Only 43% of the production made it into the final blend of this remarkable 2002. Produced from a low 17 hectoliters per hectare, it includes 66.7% Cabernet Sauvignon, 14.5% Merlot, 13.9% Cabernet Franc, and the rest Petit Verdot. It has the highest alcohol ever achieved in a Leoville Las Cases (13.5%) as well as a lofty pH of 3.85. Nevertheless, the impression is one of a structured wine with considerable density, a ruby/purple color, layers of flavor, and a classic overall personality. The wine exhibits pure black currant, licorice-infused fruit, huge body, a viscous mid-palate, and a long, heady finish. I suspect this wine won’t be nearly as charming as the 2003 in its youth, but it hasn’t yet closed down, and I am amazed at just how rich, intense, and full-bodied it tastes even after bottling. This is certainly one of the half dozen or so candidates for wine of the vintage. Anticipated maturity: 2012-2030+.
|Score: 95||Robert Parker, Wine Advocate (158), April 2005|
A sensational effort from proprietor Jean-Hubert Delon, the 2002 Leoville Las-Cases (a blend of 66.7% Cabernet Sauvignon, 14.5% Merlot, 13.9% Cabernet Franc, and the rest Petit Verdot) possesses the highest natural alcohol of any vintage produced at Las Cases (a whopping 13.5%, compared to 2000's 12.9%, 1982's 12.8%, and 1990's 13.2%). Yields were a low 27 hectoliters per hectare. Approximately 43% of the production made it into the 2002. The wine has tremendously high measurements of extract and phenolics. The color is nearly black/purple, and the wine looks like syrup of Leoville Las-Cases. Dense, concentrated, broodingly backward as well as tannic, but oh, so promising and intense, the 2002 reveals tremendous purity, great intensity, and a finish that lasts for 45 seconds. Clearly Leoville Las-Cases has produced a wine of first-growth quality (what’s new?) that competes for the wine of the vintage moniker. Anticipated maturity: 2015-2030+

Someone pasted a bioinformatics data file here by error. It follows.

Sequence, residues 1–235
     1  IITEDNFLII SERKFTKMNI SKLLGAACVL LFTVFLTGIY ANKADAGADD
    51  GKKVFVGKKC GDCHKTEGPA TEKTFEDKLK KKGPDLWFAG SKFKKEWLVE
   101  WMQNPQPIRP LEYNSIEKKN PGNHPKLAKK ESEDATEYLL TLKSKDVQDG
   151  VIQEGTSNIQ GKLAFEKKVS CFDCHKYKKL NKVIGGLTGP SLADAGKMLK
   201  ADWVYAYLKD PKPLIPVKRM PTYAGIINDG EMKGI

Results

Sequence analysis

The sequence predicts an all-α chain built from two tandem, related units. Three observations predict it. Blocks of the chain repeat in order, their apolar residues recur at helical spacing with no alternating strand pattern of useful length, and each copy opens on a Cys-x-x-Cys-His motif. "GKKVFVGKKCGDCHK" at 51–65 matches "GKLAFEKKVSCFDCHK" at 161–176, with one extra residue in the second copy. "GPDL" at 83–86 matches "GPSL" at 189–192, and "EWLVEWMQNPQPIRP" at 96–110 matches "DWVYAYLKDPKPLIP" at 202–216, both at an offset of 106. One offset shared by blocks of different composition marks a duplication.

|Score: 94/97||Robert Parker, Wine Advocate (149), October 2003|
Tasted blind at Farr's 2002 Bordeaux tasting. A ripe blackberry nose with graphite, blueberry, wild hedgerow and a touch of leather. A sweet entry, a lot of extraction here with firm, solid, chewy tannins but well defined and clean. Real density and weight to this wine. Grippy…lacquers the palate with its fruit, one of the most persistent '02 Clarets but it certainly needs time. Tasted October 2009.
|Score: 91+||Neal Martin, RobertParker.com, October 2009|
Drink 2012-22 Neat and medium weight and sweet and biscuity. Glossy. Pretty dry finish. Light and austere. I was more impressed by the second wine, Clos du Marquis, at this stage, but this will presumably overtake it eventually. A similar phenomenon to Léoville Barton's performance at present?
|Score: 16.5+||Jancis Robinson MW, Farr Tasting, October 2009|
|Score: 16.3||Farr Vintners, Farr Tasting, October 2009|